Agencies told to ensure subcontractors get prompt payments

Agencies have to pay their prime contractors promptly and, in turn, try to get the primes to make faster payments to their small-business subcontractors, and the Office of Management and Budget wants to see their progress.

OMB is requiring two reports—one in six months and the second report a year from now—to assess agencies’ work to get money into the hands of subcontractors faster, according to a memo released July 11.

The reports have three aspects:

First, OMB wants to know about agencies’ progress on accelerating prompt payments to all prime contractors. Since September, the administration has had the government working to pay prime contractors in 15 days, instead of 30 days. Officials hope to push the quicker cash flow down further into the business chain. They want the new policy to help out small subcontractors by having prime contractors pay them faster.

Agencies will also have to report on how their 25 largest prime contractors have incorporated the prompt subcontractor payment policy into their contracts with small businesses.

Finally, OMB wants to know of any other policies agencies have put in place to carry out the intent of the initiative.

Government officials want to help small businesses caught in the tough economic situation. In September 2011, President Barack Obama set up the initial Quick Pay plan. The point was to pay small prime contractors sooner. Karen Mills, administrator of the Small Business Administration, said July 11 the Quick Pay plan has helped small companies with cash flow and getting enough resources to begin new projects.

Now, the Obama administration expanded the Quick Pay policy with a focus on subcontractors. With that in mind, administration officials are seeking to help out the next tier of small businesses.

“This policy will have a real impact on small businesses across the country to do business with the federal government. It will get money into their hands faster,” Jeffrey Zients, acting OMB director, said July 11.

About the Author

Matthew Weigelt is a freelance journalist who writes about acquisition and procurement.

FCW in Print

In the latest issue: Looking back on three decades of big stories in federal IT.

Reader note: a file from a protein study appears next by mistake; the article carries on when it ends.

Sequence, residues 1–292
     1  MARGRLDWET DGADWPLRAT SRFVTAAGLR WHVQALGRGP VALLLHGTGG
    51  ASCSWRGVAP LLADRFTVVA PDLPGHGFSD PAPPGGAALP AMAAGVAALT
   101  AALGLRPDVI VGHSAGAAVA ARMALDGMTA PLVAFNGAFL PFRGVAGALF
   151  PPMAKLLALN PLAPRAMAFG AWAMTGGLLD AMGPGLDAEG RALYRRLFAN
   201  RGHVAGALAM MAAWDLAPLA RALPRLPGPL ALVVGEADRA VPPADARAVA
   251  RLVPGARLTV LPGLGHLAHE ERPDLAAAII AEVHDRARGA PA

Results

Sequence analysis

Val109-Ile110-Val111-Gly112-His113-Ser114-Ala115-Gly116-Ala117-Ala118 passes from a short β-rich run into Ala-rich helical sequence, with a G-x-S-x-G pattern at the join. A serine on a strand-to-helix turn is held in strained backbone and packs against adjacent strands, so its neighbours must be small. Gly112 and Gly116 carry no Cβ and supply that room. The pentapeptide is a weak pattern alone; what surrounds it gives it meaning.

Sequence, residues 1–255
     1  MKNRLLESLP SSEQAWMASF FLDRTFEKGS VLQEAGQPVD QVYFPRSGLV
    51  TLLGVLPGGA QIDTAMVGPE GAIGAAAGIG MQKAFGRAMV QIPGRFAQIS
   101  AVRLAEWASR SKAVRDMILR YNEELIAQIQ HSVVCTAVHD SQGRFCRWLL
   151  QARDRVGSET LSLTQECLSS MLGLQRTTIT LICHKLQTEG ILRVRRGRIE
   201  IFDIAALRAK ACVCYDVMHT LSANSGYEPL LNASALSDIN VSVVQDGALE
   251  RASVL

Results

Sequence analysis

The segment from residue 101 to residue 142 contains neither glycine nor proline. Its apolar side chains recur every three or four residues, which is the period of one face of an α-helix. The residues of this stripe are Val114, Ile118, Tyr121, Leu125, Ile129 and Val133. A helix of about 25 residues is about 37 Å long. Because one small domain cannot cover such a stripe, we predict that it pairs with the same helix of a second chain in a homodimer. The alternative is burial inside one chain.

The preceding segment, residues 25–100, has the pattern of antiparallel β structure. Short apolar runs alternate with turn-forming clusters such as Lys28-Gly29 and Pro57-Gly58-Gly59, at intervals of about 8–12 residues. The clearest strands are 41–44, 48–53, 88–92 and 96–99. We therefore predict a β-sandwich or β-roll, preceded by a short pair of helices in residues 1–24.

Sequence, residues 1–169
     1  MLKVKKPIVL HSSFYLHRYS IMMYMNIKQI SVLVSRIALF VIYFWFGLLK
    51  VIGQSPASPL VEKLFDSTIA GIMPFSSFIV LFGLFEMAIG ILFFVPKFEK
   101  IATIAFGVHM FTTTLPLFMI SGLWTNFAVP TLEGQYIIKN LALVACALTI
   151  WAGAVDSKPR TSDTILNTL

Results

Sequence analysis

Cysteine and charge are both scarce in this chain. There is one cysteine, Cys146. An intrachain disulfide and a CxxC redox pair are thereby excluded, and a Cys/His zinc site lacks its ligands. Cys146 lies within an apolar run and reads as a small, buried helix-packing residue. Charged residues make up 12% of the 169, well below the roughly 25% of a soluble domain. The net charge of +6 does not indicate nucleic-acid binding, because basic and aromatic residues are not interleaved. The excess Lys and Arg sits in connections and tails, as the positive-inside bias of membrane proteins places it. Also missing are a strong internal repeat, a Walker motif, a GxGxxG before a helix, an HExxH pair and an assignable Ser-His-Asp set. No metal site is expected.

• Anne Rung -- Commerce Department Photo

    Exit interview with Anne Rung

    The government's departing top acquisition official said she leaves behind a solid foundation on which to build more effective and efficient federal IT.

  • Charles Phalen

    Administration appoints first head of NBIB

    The National Background Investigations Bureau announced the appointment of its first director as the agency prepares to take over processing government background checks.

  • Sen. James Lankford (R-Okla.)

    Senator: Rigid hiring process pushes millennials from federal work

    Sen. James Lankford (R-Okla.) said agencies are missing out on younger workers because of the government's rigidity, particularly its protracted hiring process.

  • FCW @ 30 GPS

    FCW @ 30

    Since 1987, FCW has covered it all -- the major contracts, the disruptive technologies, the picayune scandals and the many, many people who make federal IT function. Here's a look back at six of the most significant stories.

  • Shutterstock image.

    A 'minibus' appropriations package could be in the cards

    A short-term funding bill is expected by Sept. 30 to keep the federal government operating through early December, but after that the options get more complicated.

  • Defense Secretary Ash Carter speaks at the TechCrunch Disrupt conference in San Francisco

    DOD launches new tech hub in Austin

    The DOD is opening a new Defense Innovation Unit Experimental office in Austin, Texas, while Congress debates legislation that could defund DIUx.

Reader comments

Mon, Jul 16, 2012 Peter G. Tuttle, CPCM

Want to ensure that primes pay their subcontractors in a timely manner? Make that an evaluation factor in soliciations - perhaps ask a question as part of the past performance (risk) factor. Once a few primes get dinged for sloppy or unfair business practices with their subs, perhaps you'll see a change. A well-placed comment on the subject in PPIRS (or whatever ePast Performance system is available) would have a similar effect. Anything that actually may impact obtaining future business and revenue will be taken seriously.

Please post your comments here. Comments are moderated, so they may not appear immediately after submitting. We will not post comments that we consider abusive or off-topic.

Please type the letters/numbers you see above

More from 1105 Public Sector Media Group